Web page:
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ORCID (Links to author’s additional scholarship at ORCID.org)

https://orcid.org/0000-0002-2324-5890

Abstract

Liberal communitarianism suggests that the balance between individual rights and the common good must be adjusted as historical conditions change. Much attention has been paid to violations of rights, e.g., by the police, for good reasons. This Article examines three new technologies that undermine public safety, a key common good, and asks whether they should be banned. The 2020 pandemic revealed that scores of millions of Americans objected, not merely to government mandates to take measures that are likely to spare fellow Americans a severe disease or death, but even to respond to moral calls, especially wearing a mask. This Article examines three other areas which exhibit the same communitarian deficit. The best-known version of communitarianism is the East Asian school, which puts great emphasis on the value of the common good and one’s obligations to the community.3 This school of thought tends to view the individual as a cell that is part of an organic whole and meaning is derived from contributions to whole. In this version of communitarianism, there is no fundamental place for liberty or individual rights, although some may be granted, if doing so helps the common good.

East Asian communitarianism is roundly rejected by Western intellectuals

and all others who consider individual rights and liberty a core value. Liberal communitarianism has corrected the main flaw of the Asian version by combining two fundamentally opposing philosophies: liberalism and communitarianism. Liberal communitarianism assumes from the outset that a society ought to treat both individual rights and the common good as basic moral principles and that neither should be assumed to a priori trump the other. It does not overlook the fundamentally incompatible nature of liberalism and communitarianism; rather, it seeks to embrace their incompatibilities, because one’s strength is the other’s deficiency. Liberal communitarians recommend a constant balancing of the two sets of moral principles, requiring legislators and citizens alike to weigh the common good against individual rights to create policies and social norms that protect both. When the common good and liberty come into conflict, liberal communitarians must rule which should take precedence.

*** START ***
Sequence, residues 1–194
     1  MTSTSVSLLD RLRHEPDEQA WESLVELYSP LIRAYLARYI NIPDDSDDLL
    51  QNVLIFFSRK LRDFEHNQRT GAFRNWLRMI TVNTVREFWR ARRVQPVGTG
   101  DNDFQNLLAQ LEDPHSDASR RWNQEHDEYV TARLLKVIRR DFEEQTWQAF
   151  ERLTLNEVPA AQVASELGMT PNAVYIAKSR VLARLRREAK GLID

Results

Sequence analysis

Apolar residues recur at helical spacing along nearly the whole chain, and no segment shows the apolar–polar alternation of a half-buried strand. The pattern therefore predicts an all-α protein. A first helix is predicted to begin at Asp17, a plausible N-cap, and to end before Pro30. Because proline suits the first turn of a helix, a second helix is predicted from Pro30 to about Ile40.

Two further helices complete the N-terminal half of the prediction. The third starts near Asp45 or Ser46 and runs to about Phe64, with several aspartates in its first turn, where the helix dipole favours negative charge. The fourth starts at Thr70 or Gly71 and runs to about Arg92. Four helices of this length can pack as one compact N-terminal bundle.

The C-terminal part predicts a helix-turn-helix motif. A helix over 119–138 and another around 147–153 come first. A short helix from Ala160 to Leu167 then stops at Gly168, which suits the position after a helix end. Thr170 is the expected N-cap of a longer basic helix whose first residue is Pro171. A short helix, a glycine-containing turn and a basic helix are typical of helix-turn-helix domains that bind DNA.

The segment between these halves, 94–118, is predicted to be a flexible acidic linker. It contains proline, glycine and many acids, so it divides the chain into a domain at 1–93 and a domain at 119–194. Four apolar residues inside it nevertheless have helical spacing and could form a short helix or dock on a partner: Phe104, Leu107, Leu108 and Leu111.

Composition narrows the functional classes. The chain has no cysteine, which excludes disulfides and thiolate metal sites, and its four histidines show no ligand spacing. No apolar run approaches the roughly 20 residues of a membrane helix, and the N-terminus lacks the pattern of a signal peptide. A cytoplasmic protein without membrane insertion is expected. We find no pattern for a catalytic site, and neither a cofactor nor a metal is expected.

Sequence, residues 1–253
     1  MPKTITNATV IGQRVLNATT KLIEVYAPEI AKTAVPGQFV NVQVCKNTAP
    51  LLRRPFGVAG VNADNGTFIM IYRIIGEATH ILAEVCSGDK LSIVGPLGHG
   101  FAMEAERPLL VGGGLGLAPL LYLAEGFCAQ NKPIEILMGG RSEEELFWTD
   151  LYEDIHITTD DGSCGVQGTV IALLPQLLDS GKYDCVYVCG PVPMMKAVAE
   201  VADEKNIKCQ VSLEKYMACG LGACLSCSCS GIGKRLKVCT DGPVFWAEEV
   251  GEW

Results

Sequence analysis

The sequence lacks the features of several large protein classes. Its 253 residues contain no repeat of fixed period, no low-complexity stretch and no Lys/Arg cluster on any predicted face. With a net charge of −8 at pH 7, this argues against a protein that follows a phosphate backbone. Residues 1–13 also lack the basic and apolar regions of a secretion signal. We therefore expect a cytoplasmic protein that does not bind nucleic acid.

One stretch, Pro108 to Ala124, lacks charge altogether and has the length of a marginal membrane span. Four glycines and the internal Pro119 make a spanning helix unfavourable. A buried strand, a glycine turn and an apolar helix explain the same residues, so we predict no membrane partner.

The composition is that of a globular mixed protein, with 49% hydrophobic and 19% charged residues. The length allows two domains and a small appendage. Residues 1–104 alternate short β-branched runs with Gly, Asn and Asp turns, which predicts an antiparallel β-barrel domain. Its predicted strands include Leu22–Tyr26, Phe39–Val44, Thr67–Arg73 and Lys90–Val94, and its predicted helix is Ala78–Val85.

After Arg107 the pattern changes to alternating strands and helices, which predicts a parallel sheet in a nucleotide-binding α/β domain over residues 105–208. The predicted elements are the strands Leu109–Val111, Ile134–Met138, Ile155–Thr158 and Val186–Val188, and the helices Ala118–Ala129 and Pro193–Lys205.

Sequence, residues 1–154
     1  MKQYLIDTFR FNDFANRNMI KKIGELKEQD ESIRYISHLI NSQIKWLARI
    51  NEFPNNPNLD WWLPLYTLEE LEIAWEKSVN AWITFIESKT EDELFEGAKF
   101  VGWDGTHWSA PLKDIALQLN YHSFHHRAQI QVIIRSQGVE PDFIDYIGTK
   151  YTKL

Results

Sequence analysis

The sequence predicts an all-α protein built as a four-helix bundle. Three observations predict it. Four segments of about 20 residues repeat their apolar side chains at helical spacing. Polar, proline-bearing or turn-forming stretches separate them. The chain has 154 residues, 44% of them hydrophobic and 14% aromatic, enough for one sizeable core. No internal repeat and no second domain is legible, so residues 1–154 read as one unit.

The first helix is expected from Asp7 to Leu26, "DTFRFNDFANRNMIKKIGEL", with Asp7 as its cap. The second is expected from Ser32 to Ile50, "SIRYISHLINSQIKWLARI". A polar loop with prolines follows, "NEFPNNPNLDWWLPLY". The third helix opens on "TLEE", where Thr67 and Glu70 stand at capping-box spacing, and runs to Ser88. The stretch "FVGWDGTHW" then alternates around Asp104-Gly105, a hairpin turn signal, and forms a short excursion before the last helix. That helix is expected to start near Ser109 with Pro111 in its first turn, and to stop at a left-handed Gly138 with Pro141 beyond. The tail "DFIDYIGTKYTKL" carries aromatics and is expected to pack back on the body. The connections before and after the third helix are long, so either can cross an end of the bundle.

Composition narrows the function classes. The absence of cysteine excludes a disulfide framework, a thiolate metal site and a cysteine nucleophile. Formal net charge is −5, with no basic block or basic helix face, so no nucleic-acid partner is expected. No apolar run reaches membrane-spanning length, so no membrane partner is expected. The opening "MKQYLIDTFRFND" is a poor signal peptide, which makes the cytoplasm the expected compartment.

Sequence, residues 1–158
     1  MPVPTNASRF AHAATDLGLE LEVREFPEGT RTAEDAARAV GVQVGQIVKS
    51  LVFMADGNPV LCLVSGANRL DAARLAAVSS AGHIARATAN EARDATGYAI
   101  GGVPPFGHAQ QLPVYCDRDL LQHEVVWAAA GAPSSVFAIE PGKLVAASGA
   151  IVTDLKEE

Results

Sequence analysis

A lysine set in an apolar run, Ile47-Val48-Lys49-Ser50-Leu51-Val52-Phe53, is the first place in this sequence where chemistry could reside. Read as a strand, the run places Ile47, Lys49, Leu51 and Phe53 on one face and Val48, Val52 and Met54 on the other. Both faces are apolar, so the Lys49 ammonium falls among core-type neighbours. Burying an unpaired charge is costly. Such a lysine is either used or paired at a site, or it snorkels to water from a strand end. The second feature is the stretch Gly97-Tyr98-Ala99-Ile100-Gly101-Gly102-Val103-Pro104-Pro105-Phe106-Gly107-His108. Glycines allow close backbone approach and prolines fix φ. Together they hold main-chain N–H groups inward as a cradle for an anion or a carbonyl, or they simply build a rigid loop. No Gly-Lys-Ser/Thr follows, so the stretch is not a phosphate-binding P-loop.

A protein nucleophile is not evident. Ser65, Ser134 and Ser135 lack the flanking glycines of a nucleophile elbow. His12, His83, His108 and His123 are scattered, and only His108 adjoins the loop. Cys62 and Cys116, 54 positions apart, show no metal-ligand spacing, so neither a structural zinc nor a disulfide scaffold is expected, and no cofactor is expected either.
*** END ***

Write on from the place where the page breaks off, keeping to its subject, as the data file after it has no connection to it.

The Fourth Amendment captures extremely well the basic liberal communitarian

thesis. Unlike the First Amendment, which states that “Congress shall make no law,” the Fourth protects against “unreasonable searches and seizures,” which on the face of it recognizes a whole category of searches and seizures that are constitutional—those that are reasonable, i.e., in the public interest. Moreover, the Fourth Amendment provides a mechanism for determining when searches and seizures are allowed: the courts. The courts, in turn, are affected by and have an influence on the public discourse as well as the legislature. Societies constantly correct the balance between individual rights and social responsibilities as historical conditions change. Thus, after the 2001 attacks on the U.S. homeland, Congress rushed through a series of new security measures. When no new such attacks occurred over the next decade, these measures where reigned in. In short, liberal communitarians hold that no society can or should be designed according to one set of principles, that they can be more liberal or more communitarian, and that the relative weight accorded to the two sets of principles much change within history.

Recently, much attention has been paid in the United States, for very compelling reasons, to violations of individual rights by the police, to racism embedded in many American institutions, and to high tech corporations that invade privacy among others.19 A cursory examination of the daily press will find many more such reports. More attention should be paid to those instances in which the imbalance is titled the other way: the common good is unduly neglected. Three case studies follow, each of considerable weight in terms of the scope of their effects on public safety, arguably the leading common good, or what the courts tend call the public interest.

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